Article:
Photo by Pascal Vaissier
I am François from Liege (Belgium), volunteer for the French-German cross-border project RARENET. I was first contacted about that project by IVY in July while taking a holiday in Freiburg (Germany). My friend and I had travelled to Freiburg by bike and on the way we had stopped for one night in Strasbourg. This was not the first time I was in Strasbourg and once again I couldn’t help but think that this would be a great city to live in, with its car-free city center, the cordiality of the locals, the proximity to Germany and the beautiful European parliament. So when I learned that I could work for a European project in Strasbourg, I directly knew I was interested.
Of course, the city of Strasbourg is not the only reason why I took IVY’s placement offer. I had decided that after the end of my bachelor’s degree I wanted to invest some time in a project with a social mission, preferably in another European country than Belgium. I had also always found cooperation between European countries extremely important, so when I applied to the European Solidarity Corps I thought that it would be very interesting to work for such a project. Finally, I was hoping to find a project that had something to do with science and that would allow me to practice my German and develop new skills. And RARENET was offering all of this!
RARENET is an Interreg V medical and scientific cooperation project that promotes education and research around rare diseases and is funded by the ERDF of the European Union. The project’s partners are universities, hospitals, patient support groups and groups of health professionals in the whole Upper Rhine Region (France, Germany and Switzerland). It is a very ambitious project with multiple actions and objectives. My role there is to raise awareness about the project and rare diseases. I help with the project’s communication on the internet and with the organization of physical events. My main task is the organization of an event for Rare Disease Day 2018, on the 28th of December.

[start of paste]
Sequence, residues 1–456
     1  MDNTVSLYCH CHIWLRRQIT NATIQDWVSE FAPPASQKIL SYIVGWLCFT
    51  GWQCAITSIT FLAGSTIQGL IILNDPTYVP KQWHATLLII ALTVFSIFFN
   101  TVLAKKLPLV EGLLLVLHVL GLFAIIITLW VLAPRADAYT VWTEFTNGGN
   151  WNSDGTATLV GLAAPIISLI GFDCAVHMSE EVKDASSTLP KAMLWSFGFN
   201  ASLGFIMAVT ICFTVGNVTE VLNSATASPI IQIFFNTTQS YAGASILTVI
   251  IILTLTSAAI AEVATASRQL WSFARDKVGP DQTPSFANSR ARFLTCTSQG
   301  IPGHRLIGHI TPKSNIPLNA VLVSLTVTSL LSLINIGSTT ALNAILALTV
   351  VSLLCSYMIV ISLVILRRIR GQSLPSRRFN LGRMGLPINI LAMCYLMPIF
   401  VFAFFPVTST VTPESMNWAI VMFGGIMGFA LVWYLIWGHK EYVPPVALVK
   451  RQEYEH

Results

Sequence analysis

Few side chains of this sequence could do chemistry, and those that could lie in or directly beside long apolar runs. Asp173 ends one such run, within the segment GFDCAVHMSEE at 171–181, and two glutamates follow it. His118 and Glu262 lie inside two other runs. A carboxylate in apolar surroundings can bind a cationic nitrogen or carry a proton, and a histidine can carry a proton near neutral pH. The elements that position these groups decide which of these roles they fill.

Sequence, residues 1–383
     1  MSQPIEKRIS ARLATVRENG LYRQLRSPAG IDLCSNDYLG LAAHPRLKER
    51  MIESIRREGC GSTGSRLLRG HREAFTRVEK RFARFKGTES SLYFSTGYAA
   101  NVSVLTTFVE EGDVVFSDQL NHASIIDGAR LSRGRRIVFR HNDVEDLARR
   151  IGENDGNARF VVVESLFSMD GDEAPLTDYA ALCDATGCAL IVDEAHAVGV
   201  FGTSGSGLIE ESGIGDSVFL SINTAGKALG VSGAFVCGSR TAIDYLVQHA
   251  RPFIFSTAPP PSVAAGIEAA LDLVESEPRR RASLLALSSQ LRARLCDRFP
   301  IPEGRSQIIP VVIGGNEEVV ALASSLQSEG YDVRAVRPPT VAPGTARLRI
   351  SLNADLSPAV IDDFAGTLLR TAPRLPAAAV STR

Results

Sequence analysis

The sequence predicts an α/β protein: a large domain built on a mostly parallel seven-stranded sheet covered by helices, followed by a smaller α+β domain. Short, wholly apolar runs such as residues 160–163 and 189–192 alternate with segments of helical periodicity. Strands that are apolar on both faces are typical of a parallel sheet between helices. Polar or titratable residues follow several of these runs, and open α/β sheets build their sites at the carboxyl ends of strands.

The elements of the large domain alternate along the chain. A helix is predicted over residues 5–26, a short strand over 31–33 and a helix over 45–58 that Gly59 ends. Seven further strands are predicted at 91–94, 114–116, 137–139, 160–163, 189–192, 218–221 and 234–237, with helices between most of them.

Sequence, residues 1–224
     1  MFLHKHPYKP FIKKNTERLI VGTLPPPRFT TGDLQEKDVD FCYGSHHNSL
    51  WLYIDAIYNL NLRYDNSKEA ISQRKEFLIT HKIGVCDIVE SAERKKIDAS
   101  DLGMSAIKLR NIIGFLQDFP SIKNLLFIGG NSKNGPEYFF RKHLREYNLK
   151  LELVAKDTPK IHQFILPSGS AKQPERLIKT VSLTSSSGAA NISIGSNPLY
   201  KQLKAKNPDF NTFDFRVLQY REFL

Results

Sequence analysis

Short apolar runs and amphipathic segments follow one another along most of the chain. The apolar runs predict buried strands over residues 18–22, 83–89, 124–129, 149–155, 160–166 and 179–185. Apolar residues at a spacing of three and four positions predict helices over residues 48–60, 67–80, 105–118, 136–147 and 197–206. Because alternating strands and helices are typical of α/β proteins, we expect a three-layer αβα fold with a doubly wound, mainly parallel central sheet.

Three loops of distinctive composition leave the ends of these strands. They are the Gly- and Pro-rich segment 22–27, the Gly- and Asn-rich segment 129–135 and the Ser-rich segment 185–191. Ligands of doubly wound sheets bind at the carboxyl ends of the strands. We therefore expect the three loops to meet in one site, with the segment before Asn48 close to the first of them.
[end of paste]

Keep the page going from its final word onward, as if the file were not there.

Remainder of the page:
Media communication and organizing events: This sounds pretty vague… So, in practice, what have I been doing in the last two months? Actually many things: Meeting the project partners at events or in their workplace, posting about the project on Facebook and Tweeter, making some updates on RARENET’s website, taking pictures at events, etc. I have also helped organize the participation of RARENET to the Science Days in Europa-Park in Germany. The Science Days are a big event where children and adults learn about science and scientific projects through fun activities. RARENET had a stand there, where we proposed games to make visitors learn about rare diseases. It was a lot of work, but also very rewarding!
Also, I had only arrived in Strasbourg since three weeks that I already was back in Belgium! And not just to see my family, although I did not miss the opportunity to pay them a short visit. As many other IVY volunteers, I was there to participate to the European Week of Region and Cities (EWRC), where I shared my experience as a volunteer at a workshop on cooperation in health in border regions. It was a bit intimidating to talk after so many experts, but I think I made a compelling case for the usefulness of young European volunteers in border cooperation! Also, I had the opportunity to meet other IVY volunteers and stakeholders at the IVY Get Together. It was so interesting to learn about other volunteers’ experiences!
My volunteering project is just starting! I will be at the University of Strasbourg for four more months. So what’s next? I am working on several exciting projects, like writing portraits of key members and partners of the project or editing videos related to RARENET’s actions. And of course I will be working on organizing an event for Rare Disease Day 2018. I have already started making plans and contacting people: It doesn’t look like it, but February is already coming soon! I will keep you updated of how things evolve in the coming months…